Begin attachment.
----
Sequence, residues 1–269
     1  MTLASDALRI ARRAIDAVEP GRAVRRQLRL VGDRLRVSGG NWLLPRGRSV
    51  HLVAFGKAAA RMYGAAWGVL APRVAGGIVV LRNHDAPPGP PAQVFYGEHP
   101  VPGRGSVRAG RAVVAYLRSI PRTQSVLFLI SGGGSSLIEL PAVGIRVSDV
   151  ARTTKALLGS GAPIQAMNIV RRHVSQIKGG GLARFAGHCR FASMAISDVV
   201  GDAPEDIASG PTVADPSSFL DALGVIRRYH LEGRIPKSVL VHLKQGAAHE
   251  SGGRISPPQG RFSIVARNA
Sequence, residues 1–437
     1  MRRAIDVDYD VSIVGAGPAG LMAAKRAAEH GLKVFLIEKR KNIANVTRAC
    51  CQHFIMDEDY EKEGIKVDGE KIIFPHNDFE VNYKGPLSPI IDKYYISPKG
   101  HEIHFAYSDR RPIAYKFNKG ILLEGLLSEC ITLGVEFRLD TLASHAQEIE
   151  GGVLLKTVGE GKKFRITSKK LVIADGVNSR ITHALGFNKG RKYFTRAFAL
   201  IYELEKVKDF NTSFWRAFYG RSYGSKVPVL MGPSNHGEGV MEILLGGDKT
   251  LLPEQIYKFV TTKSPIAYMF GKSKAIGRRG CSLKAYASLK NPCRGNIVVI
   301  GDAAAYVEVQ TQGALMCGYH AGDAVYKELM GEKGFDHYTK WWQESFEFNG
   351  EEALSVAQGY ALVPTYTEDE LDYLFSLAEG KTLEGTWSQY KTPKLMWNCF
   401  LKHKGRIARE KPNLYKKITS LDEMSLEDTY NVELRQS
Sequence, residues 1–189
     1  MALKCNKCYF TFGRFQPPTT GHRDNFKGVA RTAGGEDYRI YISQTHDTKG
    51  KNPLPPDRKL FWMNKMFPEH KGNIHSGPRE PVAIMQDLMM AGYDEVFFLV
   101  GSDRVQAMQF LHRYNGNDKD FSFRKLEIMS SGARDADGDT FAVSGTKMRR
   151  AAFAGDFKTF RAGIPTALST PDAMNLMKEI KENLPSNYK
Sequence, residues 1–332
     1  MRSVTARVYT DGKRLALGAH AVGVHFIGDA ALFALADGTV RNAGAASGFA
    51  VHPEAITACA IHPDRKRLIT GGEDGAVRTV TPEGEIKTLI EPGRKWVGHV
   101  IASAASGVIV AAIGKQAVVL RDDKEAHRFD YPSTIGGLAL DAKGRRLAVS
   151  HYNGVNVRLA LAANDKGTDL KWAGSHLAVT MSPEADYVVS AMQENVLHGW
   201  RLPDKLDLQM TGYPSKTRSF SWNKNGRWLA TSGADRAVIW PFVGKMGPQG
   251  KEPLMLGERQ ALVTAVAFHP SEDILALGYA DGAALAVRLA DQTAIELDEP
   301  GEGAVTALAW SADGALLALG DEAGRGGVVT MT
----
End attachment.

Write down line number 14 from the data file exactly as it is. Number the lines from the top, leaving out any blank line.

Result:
   251  LLPEQIYKFV TTKSPIAYMF GKSKAIGRRG CSLKAYASLK NPCRGNIVVI